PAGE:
Creating the compute environment

Compute environment

We are going to create two compute environments: one using Spot instances and another one using On-Demand instances. That way, if your job needs to comply with SLAs, the On-Demand proportion can be used to ensure a timely completion while the Spot will be used to accelerate the run and reduce the overall cost.

Spot Compute environment creation

Run the following to generate the configuration file that will be used to create the AWS Batch compute environment that uses Spot instances:

export SPOT_COMPUTE_ENV_NAME="RenderingSpotComputeEnvironment"

cat <<EoF > spot-compute-environment-config.json
{
    "computeEnvironmentName": "${SPOT_COMPUTE_ENV_NAME}",
    "type": "MANAGED",
    "state": "ENABLED",
    "computeResources": {
        "type": "SPOT",
        "allocationStrategy": "SPOT_CAPACITY_OPTIMIZED",
        "minvCpus": 0,
        "maxvCpus": 256,
        "desiredvCpus": 0,
        "instanceTypes": [
            "optimal"
        ],
        "subnets": ["${Subnet1}", "${Subnet2}"],
        "launchTemplate": {
            "launchTemplateName": "${LaunchTemplateName}"
        },
        "instanceRole": "${ECSInstanceProfile}"
    }
}
EoF

Let’s explore the configuration parameters in the computeResources structure:

  • type: specifies the compute resource type to use. This compute environment will use Spot instances, hence the SPOT value. The other possible values are EC2, FARGATE and FARGATE_SPOT.
  • allocationStrategy: the allocation strategy to use for the compute resource if not enough instances of the best fitting instance type can be allocated. The SPOT_CAPACITY_OPTIMIZED allocation strategy allocates instances from the Spot Instance pools with the optimal capacity for the number of instances that are launching, making use of real-time capacity data and optimizing the selection of used Spot Instances. You can read about the benefits of using capcity-optimized in the blog post Capacity-Optimized Spot Instance allocation in action at Mobileye and Skyscanner. This way, AWS Batch will select one or more instance types that are large enough to meet the requirements of the jobs in the queue, with a preference for instance types that are less likely to be interrupted. To learn more about allocation strategies, see Allocation strategies.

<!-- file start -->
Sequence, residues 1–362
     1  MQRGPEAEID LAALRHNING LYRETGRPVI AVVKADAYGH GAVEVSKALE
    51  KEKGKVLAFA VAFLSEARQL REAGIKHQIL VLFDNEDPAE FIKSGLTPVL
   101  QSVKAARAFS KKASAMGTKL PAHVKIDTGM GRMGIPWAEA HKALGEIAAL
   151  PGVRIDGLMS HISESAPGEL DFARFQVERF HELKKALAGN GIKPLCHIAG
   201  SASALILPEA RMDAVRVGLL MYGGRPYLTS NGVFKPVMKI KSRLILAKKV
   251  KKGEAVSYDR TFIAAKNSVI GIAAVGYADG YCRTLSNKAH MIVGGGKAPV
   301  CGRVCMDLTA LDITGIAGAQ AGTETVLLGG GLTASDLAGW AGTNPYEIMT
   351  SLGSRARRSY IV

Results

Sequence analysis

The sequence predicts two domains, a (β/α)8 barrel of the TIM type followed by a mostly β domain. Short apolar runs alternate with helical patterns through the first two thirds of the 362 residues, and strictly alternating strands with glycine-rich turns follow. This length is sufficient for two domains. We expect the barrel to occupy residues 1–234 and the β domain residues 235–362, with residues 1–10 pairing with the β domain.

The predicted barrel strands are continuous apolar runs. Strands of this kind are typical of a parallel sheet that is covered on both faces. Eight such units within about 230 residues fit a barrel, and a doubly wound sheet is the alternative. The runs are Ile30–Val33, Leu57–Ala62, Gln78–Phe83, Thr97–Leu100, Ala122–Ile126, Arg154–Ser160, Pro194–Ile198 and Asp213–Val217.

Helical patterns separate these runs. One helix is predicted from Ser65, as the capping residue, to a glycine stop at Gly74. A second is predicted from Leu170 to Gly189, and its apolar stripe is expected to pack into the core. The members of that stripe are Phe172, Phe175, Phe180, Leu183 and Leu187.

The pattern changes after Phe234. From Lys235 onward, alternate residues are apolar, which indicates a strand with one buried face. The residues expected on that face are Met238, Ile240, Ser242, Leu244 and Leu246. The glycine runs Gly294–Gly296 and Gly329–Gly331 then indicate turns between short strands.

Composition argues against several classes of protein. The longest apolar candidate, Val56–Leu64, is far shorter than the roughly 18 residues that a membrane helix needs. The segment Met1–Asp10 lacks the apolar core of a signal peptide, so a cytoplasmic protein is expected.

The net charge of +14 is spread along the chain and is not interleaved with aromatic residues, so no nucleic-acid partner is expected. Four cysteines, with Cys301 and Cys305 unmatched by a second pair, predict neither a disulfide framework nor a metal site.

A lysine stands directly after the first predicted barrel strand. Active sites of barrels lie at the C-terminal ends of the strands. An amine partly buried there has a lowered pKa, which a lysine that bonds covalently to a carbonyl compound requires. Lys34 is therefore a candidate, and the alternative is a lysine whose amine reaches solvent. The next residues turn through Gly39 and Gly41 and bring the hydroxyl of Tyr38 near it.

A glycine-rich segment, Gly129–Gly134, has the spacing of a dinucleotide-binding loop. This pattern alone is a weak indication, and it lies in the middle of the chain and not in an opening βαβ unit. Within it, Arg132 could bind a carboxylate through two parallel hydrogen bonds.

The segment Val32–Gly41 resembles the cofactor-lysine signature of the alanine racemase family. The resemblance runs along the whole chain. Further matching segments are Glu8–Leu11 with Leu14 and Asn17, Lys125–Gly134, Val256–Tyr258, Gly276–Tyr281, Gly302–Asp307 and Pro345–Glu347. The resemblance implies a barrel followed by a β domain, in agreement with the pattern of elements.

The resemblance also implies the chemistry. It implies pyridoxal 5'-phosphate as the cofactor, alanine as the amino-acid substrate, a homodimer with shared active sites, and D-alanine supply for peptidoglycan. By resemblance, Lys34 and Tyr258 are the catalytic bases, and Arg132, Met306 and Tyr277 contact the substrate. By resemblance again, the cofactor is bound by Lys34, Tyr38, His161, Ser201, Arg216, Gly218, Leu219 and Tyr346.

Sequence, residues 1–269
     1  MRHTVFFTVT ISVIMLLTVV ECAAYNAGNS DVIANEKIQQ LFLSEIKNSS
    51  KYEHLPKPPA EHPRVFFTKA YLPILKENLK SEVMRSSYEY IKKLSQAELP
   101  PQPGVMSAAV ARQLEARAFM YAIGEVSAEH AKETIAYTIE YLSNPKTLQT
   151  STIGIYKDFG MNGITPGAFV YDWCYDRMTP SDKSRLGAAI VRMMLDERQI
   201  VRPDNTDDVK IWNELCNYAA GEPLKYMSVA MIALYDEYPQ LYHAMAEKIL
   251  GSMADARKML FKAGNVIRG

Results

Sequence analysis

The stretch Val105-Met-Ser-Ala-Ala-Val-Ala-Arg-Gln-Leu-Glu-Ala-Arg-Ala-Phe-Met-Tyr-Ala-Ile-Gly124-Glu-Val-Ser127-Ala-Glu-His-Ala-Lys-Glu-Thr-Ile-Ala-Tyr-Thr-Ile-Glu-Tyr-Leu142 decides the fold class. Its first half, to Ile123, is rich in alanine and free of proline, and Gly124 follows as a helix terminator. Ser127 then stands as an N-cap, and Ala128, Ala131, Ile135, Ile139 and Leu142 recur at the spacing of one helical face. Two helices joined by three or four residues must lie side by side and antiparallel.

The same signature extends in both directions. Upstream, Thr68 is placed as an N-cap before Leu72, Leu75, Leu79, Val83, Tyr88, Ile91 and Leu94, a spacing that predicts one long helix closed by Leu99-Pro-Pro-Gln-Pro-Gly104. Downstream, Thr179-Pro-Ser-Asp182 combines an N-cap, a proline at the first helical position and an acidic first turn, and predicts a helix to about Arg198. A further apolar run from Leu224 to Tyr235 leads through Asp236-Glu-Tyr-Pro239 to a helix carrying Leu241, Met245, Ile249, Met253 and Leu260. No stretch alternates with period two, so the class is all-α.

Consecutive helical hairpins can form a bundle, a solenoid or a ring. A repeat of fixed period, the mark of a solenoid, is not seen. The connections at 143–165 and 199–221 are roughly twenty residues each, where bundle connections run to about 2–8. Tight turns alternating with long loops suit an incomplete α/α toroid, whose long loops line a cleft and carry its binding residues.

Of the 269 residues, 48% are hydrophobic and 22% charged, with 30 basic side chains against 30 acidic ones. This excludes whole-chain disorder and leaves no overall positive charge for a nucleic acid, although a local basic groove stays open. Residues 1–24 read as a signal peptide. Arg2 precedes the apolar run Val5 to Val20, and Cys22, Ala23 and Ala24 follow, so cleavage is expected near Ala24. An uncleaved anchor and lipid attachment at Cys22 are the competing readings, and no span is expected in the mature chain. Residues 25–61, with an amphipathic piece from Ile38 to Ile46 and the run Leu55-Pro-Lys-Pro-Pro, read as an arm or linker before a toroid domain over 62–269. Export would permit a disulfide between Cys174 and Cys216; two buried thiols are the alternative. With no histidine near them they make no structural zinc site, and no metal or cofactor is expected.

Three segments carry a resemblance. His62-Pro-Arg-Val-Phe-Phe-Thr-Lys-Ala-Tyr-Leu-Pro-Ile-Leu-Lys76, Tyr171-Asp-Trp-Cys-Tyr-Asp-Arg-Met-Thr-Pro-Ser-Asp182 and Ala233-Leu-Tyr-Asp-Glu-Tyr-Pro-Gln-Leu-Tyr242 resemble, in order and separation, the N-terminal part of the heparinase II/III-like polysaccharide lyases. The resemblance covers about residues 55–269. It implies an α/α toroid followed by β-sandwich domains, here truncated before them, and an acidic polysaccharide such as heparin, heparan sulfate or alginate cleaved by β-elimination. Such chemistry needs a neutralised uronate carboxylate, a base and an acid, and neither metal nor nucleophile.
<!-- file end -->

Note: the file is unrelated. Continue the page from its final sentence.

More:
• instanceTypes: the instances types that can be launched. By specifying optimal, instance types from the C4, M4, and R4 instance families are selected to match the demand of your job queues.
  • subnets: the VPC subnets where the compute resources are launched.
  • launchTemplate: the launch template to use when launching compute resources. We specify the one we created earlier so that the User data script is applied to every instance that is launched.